Pregnancy Help: What NOT to Expect From "The Birth Plan"

There is a strain of pregnancy propaganda out there that sets new moms up for failure. It says that unless you “achieve” some particular kind of delivery perfection, well, then…you haven’t quite made the cut, as a Mom. And that makes me angry. It’s in all the standard pregnancy books. Something along the lines of, “Create your own birth plan. Be in charge of your delivery. Don’t let that mean, nasty doctor force you to deliver in some way that’s NOT in your plan. Decide in advance if you want to use pain medications for the delivery….or not.”

What they don’t say is that the birth process is usually so unpredictable that your carefully crafted “Birth Plan” gets left at the bottom of your carefully packed “Going To The Hospital Bag”…that got left at home, in a panic, as you rushed to the hospital.

Now, I’m a recovering control freak, so don’t get me wrong. Anything that’s called “a plan” looks fabulous to me. I did it myself, with our first baby. Here were my rules, when I was cluelessly buying into the notion that I could actually control the birth process by planning for it in advance: No induction. Lovely, inspirational music playing in the background. No pain meds. No pitocin. No c-section. (Oh yeah: no binkies or bottles for the baby either, but that was a different lesson for me to learn, for a different post!)

What happened, you ask? Oh, surely you must have guessed by now. I had it coming to me, big time. The control freak gets hammered. The doctor wanted to induce labor, since the baby was getting big, and she was overdue. But oh no, that was not in my Birth Plan. So we waited. And waited. When labor finally did begin, the early stages went well. But when it came time to push…not so well. I pushed and pushed and pushed…and nothing happened. I stood up to push. I squatted to push. I pushed and pushed for hours. The doctor wanted to add pitocin in order to add strength to the contractions, to help me along. No way. Not in the Birth Plan. She wanted to add an epidural, to relax me. No dice, doc. Finally the doctor had to go and do an emergency c-section on another lady. I had some time. The nurse convinced me to have the epidural and the pitocin, and then our baby was finally born. After four solid hours of pushing.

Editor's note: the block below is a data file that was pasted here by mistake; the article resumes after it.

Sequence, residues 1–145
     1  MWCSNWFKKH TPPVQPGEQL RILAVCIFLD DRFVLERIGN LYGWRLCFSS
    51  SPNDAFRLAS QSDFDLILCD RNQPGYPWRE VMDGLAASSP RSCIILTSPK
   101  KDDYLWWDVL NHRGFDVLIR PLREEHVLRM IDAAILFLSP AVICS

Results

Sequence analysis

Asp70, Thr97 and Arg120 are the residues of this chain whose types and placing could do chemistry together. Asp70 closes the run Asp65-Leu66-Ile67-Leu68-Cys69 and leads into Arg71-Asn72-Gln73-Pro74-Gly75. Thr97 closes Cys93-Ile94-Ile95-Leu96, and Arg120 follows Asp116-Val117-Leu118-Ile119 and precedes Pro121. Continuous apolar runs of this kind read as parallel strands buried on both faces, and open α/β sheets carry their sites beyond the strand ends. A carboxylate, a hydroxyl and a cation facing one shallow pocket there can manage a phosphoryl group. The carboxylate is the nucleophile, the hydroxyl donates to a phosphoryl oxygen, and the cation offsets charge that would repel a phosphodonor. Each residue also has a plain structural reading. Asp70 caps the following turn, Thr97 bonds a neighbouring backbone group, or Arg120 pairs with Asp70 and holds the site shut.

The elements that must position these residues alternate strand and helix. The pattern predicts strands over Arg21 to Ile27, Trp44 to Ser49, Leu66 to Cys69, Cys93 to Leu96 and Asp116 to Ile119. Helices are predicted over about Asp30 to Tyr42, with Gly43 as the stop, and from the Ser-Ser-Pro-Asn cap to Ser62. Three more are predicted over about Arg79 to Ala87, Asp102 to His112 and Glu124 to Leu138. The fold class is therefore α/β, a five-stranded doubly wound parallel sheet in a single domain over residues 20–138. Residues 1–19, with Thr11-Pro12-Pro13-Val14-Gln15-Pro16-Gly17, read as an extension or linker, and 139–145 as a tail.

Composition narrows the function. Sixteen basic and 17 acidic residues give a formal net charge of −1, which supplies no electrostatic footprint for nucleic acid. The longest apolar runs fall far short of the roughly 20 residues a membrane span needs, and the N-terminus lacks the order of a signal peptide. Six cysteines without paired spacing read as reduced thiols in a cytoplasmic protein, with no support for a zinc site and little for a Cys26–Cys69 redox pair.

I was so sore after the delivery I had to sit on two huge pillows for weeks, and I still was miserable. Here are some other examples of “Birth Plans” that didn’t “pan” out:

The alternative-medicine-practitioner who swore she’d never use pain meds, who begged for (and got, with huge relief) an epidural after 12 hours of excruciating labor

The Maui-Hippie-type who arranged to have a birthing bath (with doula) brought to her home, only to need an emergency c-section at 34 weeks

My pain-fearing friend who hoped for every drug in the hospital, but delivered in the hallway of the ER while her husband was parking the car

Now, I’m all for planning, to the extent that planning is possible. But I’m really against the notion of feeding new mothers the idea that there is somehow an ideal birthing situation that they should be aiming for…other than the delivery of a healthy baby, with a healthy mother. Because that sets us up for comparisons, judging, and disappointment. The labor and delivery process is so unpredictable, and so individual and varied, that you really cannot plan for every possibility.

Many of you have expressed sadness, even a sense of failure, because you had to have a c-section. Or if you “caved”, and got an epidural. Unrealistic expectations can lead to big problems. For some, this disappointment can even lead to postpartum depression.

Lamaze Shlamaze; use whatever works.

The breathing techniques I learned in yoga and exercise classes helped me way more than anything I learned in the actual preparation to have a baby. That said, I still pushed for four hours! The only thing that is important in delivering your baby is that both you and baby are healthy. I don’t care if a Martian comes down and performs some kind of weird alien delivery for you, as long as you and your baby are healthy at the end of it.

Did you have any surprises in your delivery? Do tell!


Dr. Heather The BabyShrink